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Press Release

Doctor Sentenced for Accepting Illegal Kickback Payment in Return for Writing Prescriptions for Compounded Drugs

For Immediate Release
U.S. Attorney's Office, Northern District of Oklahoma

A doctor licensed in the states of Oklahoma and Texas was sentenced for writing and referring compounded drug prescriptions in return for illegal kickback payments, announced U.S. Attorney Clint Johnson.

U.S. District Judge Daniel L. Hovland sentenced Jerry May Keepers, 69, of Kingwood, Texas, to 36 months of supervised probation. Restitution will be determined at a later date. Keepers will pay no more than $1,518,180.46 in restitution according to his plea agreement.

Keepers previously pleaded guilty to one count of soliciting and receiving heath care kickback. Keepers violated the federal anti-kickback statute when he accepted the illegal payment.

In the plea agreement, Keepers admitted that OK Compounding solicited him to write prescriptions for his patients that would be filled by the pharmacy. OK Compounding was a pharmacy controlled by Christopher Parks and Dr. Gary Lee, who are also defendants in the case.

Specifically, on January 22, 2014, Keepers knowingly received $25,000 from representatives of OK Compounding. The purpose of the payment was to induce Keepers to refer prescriptions for expensive compounded drugs to the pharmacy. The compounded medications were filled, and claims were filed by the pharmacy. Those medications were in turn paid for by federal healthcare programs, including TRICARE, Medicare, CHAMPVA, and the Federal Employees Compensation Act Program.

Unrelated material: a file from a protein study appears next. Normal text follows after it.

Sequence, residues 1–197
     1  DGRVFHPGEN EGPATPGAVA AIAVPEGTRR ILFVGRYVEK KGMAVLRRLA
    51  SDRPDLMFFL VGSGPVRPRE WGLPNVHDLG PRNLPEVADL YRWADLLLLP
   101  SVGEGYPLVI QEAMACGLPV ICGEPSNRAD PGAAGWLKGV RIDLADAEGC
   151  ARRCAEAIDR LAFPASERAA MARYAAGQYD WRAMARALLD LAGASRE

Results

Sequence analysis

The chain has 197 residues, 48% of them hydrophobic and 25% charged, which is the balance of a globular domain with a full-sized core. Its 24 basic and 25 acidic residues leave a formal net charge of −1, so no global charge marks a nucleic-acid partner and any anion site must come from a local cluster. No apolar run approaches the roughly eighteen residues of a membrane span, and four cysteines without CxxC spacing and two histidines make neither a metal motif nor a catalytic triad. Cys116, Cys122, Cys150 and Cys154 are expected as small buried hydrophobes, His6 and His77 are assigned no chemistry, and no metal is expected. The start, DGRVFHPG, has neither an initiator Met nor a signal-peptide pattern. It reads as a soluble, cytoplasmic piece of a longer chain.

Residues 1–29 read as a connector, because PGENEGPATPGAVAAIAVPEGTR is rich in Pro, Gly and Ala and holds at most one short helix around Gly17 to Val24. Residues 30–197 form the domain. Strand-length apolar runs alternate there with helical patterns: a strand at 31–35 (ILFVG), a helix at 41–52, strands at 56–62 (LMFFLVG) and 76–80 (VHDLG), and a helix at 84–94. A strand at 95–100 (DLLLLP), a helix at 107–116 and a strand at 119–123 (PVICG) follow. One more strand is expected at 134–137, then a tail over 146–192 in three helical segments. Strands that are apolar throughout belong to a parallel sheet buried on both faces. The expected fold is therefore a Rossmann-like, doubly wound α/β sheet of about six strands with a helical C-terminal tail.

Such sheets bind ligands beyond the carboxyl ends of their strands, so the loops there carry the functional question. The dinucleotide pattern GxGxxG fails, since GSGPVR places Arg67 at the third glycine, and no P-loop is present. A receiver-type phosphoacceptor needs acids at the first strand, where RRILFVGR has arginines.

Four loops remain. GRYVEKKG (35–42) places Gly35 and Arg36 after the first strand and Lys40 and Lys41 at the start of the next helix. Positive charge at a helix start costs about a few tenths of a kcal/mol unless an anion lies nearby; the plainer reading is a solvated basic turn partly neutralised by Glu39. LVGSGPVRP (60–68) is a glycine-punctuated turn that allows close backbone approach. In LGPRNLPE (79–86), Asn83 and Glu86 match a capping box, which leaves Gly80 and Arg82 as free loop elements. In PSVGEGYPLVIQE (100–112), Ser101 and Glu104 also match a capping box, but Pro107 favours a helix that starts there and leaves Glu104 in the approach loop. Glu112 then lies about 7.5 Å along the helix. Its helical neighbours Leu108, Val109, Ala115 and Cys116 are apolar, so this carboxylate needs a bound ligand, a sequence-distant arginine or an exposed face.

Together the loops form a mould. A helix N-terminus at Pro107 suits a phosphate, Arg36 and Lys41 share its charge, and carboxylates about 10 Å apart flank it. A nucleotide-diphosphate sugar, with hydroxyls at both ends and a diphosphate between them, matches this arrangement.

According to the superseding indictment filed in the case, kickback payments were disguised through various sham business arrangements, including contracts where several physicians purported to serve as “medical directors” or “consulting physicians” for the pharmacy. Keepers and OK Compounding represented that Keepers had been paid for his services as a national spokesperson, medical director or national marketing director.

It is illegal to pay or receive “kickbacks” in conjunction with federal health care insurance. Prohibitions against kickbacks are crucial to ensure that financial motives do not undermine the medical judgment of physicians and other health care providers.

The Department of Labor- Office of Inspector General (OIG), IRS - Criminal Investigation, U.S. Postal Service- OIG, Department of Veterans Affairs- OIG, FBI, the Department of Health and Human Services-OIG, and Defense Criminal Investigative Service conducted the investigation. Assistant U.S. Attorneys Melody Noble Nelson and Richard M. Cella are prosecuting the cases.


Public Affairs

Updated October 19, 2022

Health Care Fraud